"They say you’re not being compelled, but you kind of are being compelled," he said. "It really is sort of a secular religion, in a way."

Like Naples, Hawaii routinely ranks as one of the healthiest places in the country — and several Blue Zones Projects already exist there, too. 

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Hawaii routinely ranks as one of the healthiest places in the country. Fresh water runs from the mountains above downtown Honolulu through a canal in the Chinatown area. File/Marina Riker/AP

"The three healthiest metropolitan statistical areas in the United States are Hawaii, southwest Florida and southern California. All three of those places happen to be existing Blue Zones Project partners," Tony Buettner admitted. "But there’s a lot of work to still be done. Well-being is a journey. It’s not a destination."

Tecklenburg acknowledged that Charleston is healthier than some of its rural neighbors, but he said the city still needs help.

"We’re relatively doing better than a good bit of the rest of the state, but comparatively, South Carolina continues to rank near the bottom of a lot of lists nationally," he said. 

The Blue Zones Project in Charleston will focus on city residents, but Tecklenburg asked organizers to include some of the ZIP codes that "touch" the city limits — many of which include largely black communities. 

"I know it’s important to include those so that the project is really inclusive of our community and would show the benefits where it’s most needed," he said.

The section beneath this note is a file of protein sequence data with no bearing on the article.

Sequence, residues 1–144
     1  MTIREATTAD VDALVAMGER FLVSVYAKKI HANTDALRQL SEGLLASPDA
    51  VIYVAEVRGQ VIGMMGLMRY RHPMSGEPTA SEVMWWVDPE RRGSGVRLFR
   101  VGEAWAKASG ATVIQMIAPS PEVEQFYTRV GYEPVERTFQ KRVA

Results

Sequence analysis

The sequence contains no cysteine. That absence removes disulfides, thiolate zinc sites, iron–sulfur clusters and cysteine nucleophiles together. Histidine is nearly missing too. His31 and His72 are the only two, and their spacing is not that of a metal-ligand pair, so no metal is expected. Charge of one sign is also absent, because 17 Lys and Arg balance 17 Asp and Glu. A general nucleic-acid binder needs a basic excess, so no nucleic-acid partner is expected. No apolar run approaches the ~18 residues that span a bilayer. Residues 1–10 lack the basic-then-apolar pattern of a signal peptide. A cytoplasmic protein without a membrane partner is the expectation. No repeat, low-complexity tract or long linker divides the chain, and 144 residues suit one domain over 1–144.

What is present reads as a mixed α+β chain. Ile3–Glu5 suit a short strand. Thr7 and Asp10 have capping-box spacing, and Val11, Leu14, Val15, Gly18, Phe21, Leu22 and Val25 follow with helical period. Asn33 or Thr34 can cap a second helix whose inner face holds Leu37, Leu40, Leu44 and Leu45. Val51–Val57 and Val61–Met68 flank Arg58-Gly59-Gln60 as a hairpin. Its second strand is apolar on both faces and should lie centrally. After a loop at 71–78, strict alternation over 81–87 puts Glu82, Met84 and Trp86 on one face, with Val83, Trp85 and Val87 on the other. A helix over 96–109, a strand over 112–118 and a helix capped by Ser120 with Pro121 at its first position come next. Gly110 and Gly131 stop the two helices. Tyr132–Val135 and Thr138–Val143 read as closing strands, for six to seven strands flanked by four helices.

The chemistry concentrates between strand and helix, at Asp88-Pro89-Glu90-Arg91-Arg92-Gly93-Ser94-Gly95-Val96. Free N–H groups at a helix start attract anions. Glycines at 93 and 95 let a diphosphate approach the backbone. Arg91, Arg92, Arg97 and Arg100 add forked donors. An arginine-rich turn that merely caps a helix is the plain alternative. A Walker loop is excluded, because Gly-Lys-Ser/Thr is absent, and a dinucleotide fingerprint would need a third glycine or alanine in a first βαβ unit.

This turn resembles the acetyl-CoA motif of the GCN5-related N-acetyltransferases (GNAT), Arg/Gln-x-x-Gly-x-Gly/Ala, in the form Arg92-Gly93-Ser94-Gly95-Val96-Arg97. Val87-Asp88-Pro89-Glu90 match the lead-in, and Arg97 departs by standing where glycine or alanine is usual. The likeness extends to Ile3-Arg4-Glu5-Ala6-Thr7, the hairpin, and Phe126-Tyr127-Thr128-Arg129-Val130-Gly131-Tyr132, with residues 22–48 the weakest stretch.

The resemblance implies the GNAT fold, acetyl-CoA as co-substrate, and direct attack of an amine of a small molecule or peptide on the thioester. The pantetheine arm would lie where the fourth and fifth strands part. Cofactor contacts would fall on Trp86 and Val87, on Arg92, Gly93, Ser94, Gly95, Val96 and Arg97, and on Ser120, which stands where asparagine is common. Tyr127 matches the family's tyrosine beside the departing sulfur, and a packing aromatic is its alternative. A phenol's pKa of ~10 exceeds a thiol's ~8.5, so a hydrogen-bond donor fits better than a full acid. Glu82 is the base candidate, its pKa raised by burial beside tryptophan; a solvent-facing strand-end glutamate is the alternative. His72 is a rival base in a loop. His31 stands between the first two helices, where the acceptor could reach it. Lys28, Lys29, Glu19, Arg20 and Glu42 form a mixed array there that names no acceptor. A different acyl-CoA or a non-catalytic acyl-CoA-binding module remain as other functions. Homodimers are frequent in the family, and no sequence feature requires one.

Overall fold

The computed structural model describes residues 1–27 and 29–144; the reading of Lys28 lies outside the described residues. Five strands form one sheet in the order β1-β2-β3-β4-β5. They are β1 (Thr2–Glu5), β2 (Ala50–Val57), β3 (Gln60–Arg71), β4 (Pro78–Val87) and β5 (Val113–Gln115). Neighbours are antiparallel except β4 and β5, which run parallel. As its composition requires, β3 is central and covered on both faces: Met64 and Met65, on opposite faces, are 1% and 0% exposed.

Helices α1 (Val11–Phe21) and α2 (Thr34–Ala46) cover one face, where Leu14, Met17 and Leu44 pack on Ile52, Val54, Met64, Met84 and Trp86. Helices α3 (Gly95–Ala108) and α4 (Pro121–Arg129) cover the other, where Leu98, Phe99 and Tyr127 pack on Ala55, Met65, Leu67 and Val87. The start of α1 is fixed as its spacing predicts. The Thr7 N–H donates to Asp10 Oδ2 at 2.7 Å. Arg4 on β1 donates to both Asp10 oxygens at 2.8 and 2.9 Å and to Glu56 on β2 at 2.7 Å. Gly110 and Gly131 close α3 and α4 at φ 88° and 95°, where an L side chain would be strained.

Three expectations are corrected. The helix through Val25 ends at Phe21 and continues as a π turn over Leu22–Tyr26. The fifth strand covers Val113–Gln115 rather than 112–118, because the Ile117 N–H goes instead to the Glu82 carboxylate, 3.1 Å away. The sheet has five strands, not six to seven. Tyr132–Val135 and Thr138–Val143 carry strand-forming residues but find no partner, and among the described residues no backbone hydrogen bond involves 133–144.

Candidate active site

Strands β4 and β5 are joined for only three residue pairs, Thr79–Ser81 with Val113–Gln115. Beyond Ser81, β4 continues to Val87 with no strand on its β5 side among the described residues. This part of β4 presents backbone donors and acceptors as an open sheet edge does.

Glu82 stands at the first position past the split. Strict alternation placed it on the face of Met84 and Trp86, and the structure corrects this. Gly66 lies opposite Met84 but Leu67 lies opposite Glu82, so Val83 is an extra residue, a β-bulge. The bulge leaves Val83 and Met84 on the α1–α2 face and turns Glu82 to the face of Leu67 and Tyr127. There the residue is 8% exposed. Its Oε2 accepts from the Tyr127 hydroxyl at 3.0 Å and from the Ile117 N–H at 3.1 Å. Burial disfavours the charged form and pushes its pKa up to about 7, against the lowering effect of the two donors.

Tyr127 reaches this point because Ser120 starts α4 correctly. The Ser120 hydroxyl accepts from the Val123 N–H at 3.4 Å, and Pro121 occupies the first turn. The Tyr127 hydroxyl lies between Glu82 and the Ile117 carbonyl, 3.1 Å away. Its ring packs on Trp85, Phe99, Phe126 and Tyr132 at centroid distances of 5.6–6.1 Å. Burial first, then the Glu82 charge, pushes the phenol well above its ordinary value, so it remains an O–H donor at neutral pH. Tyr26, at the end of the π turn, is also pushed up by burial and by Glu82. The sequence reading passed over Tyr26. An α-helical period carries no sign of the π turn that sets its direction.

Black leaders in Charleston, including the chief diversity officer at the Medical University of South Carolina, have participated in planning meetings for the Blue Zones Project, but a photo of the initiative's local organizers included in an official report showed all of them were white. 

'Extremely high amount'

Susan Johnson, the director of health promotion at MUSC, who has so far organized the Blue Zones Project in Charleston, said she anticipates the cost will mirror a similarly sized Blue Zones Project in coastal California — about $10 million over four years. 

In other cities, the cost is apparently much higher. An editorial published by the Dallas Morning News last year indicated the Blue Zones Project in Fort Worth will cost $50 million. 

"Because the proposal is confidential, I can’t give you a specific number," Johnson said. 

She explained that funding proposals are currently under consideration by several organizations. She hopes to make an announcement by the end of May that the project is officially moving forward. 

The money donated locally will be used to hire staff for the Blue Zones Project, lease a space to launch the initiative, host events and pay for "an enormous amount of PR and media marketing," Tony Buettner said. 

That was money organizers in Lebanon, Oregon, decided in 2017 they couldn't afford. 

"I don’t remember the exact amount, but I know it was an extremely high amount," said Shelly Garrett, the president of Lebanon's Chamber of Commerce. "It was a sales pitch. There was no question about it." 

Organizers in Lebanon pulled out of the Blue Zones Project last year amid concerns about costs. Three Iowa communities recently dropped Blue Zones, too, according to a local news report, because the project became too expensive after a large health insurance company chose not to renew its investment.

These cities might be anomalies. Tony Buettner said that thousands of communities have expressed interest in launching a Blue Zones Project but the company vets each request and only approves those projects it deems will succeed. Charleston, he said, offers a prime opportunity. 

"Charleston has demonstrated profound leadership and buy-in ... and is ready for this transformation," he said. "We couldn't be more excited."

Reach Lauren Sausser at 843-937-5598.